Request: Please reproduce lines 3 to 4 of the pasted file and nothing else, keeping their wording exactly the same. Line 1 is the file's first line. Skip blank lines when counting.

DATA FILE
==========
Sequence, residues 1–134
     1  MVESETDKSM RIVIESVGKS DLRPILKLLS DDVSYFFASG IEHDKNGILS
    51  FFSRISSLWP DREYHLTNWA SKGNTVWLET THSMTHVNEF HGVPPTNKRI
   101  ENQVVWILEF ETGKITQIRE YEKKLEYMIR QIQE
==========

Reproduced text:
    51  FFSRISSLWP DREYHLTNWA SKGNTVWLET THSMTHVNEF HGVPPTNKRI
   101  ENQVVWILEF ETGKITQIRE YEKKLEYMIR QIQE